Chicago Cubs


Jose Valverde is a loud guy.

Jose Valverde is a loud guy.

After a draining night of watching a certain team I care a great deal about lose an important game in sudden, sickening fashion, I trudged out of bed this morning, got ready for work and, of course, started thinking about Jose Valverde and the Chicago Cubs. I’m sure that’s healthy.

I’m prone to making drastic leaps that can leave my friends confused, but allow me to re-connect the dots my beer-zapped brain linked this morning.

If sports are supposed to be entertainment, then Jose Valverde is a one-man cabaret act. At least he used to be.

From the safety of the left field grandstand, I got to know Valverde pretty well during my first year living in Arizona, while he closed games for the Diamondbacks in the 2007 season. That year was a great one for them, packed with one-run wins and a surprise division championship and the accompanying trip to the playoffs. Valverde was named an All-Star that season in recognition for his ability to rack up saves, but it was the way he pitched that got him into the spotlight. (more…)

Fisk didn’t waste any time getting comfortable in his new sox in the 1980s.

Last month, Kevin Youkilis joined a special branch in Boston Red Sox lore, that of the star and fan-favorite sent off to Chicago after spending quality time in Fenway Park.

Nomar Garciaparra joined the club in 2004, sent off to the Cubs as part of a three-team trade that sent Doug Mientkiewicz and Orlando Cabrera to Boston, jump-starting their run to an eventual World Series crown.

There have been others, too — Dennis Eckersley was traded to the Cubs in 1984 for Bill Buckner, for example — but the bad blood that seems to exist between the hard-swinging third baseman and certain members of the team, along with his dramatic return, more closely mirror that of catcher Carlton Fisk.

★ ★ ★

The contract fiasco that Fisk lived through in the winter of 1980-81 is famous and well-documented. Haywood Sullivan, the Red Sox general manager, “forgot” to mail the All-Star catcher his contract for the 1981 season, turning Fisk into a free agent. (more…)

Somewhere, Ryne Sandberg is either furious or laughing too hard to move.

I don’t often put up a post just to link to a video.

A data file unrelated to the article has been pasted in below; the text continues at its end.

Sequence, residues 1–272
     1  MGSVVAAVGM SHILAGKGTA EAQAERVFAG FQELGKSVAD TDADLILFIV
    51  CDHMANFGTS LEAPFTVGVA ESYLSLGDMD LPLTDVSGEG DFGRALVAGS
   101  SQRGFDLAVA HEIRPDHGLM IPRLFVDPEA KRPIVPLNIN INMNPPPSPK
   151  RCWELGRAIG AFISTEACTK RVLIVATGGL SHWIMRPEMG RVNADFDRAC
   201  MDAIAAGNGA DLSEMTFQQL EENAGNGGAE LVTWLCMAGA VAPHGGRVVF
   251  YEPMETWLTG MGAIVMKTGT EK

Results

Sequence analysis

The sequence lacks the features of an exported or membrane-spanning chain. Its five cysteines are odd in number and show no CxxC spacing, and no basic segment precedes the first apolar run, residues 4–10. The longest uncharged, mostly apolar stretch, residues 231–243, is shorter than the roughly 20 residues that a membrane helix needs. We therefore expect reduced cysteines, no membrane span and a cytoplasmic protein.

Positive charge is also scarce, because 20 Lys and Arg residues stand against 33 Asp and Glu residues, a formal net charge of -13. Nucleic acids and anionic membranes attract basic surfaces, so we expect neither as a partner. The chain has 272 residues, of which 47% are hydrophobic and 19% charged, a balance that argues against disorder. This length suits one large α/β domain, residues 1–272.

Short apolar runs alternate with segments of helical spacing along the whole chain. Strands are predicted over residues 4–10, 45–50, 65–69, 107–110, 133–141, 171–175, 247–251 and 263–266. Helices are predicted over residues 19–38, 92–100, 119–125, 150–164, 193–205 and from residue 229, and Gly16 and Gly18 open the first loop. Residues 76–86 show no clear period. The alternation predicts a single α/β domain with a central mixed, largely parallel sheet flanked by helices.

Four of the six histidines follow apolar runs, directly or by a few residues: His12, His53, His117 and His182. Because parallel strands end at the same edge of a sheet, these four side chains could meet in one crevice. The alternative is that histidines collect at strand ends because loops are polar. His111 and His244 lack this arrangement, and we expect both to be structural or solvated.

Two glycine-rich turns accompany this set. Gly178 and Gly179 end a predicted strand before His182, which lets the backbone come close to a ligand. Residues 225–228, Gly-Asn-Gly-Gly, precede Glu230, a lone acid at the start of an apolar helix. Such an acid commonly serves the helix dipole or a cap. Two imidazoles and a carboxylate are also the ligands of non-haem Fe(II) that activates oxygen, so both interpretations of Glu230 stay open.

I also don’t normally like to call attention to something so utterly horrible.

But, sometimes, exceptions have to be made, because this is everything that’s wrong with baseball. Maybe not baseball, but every horror show masquerading as a fan.

On April 1, 2011, the Chicago Cubs opened up at Wrigley Field against the Pittsburgh Pirates, and NPR station WBEZ 91.5 was out looking for fans to interview. And find a fan they did. They found a doozy. The results are here.

And, if you do anything for me, ever, please be sure to watch this until the very end. You will not be disappointed, I promise.

This video is amazing.

Thanks go out to @RobEffinBrown for alerting me to the best moving picture I’ve seen since Black Swan.

I don't actually own this card, but I wish I did.

I’ve always had a thing for Chicago, I suppose. Years before I visited the city, years before a number of my friends moved there, I identified with it as a second love after Boston, sympathizing with their teams and digging their music (the blues scene, Wilco, Hum, Big Black, etc.).

In sports, they have some fantastic icons. The Bears had Gayle Sayers and Walter Payton, the Blackhawks had Stan Mikita and Tony Esposito, and the Cubs had Ernie Banks and, for our purposes today, Ron Santo.

Santo died late Thursday night at the age of 70. To say he was beloved by followers of the Cubbies is an understatement. One of the greatest third basemen in the history of the game, an announcer for the team for years, famous for being snubbed by the Hall of Fame, a champion for carrying on in the face of diabetes, Santo was as classy a former ballplayer as you’re likely to find.

I never saw him play (he retired after the 1974 season), and I don’t live in Chicago. But I’ve always admired him, and I was sad to hear he had passed.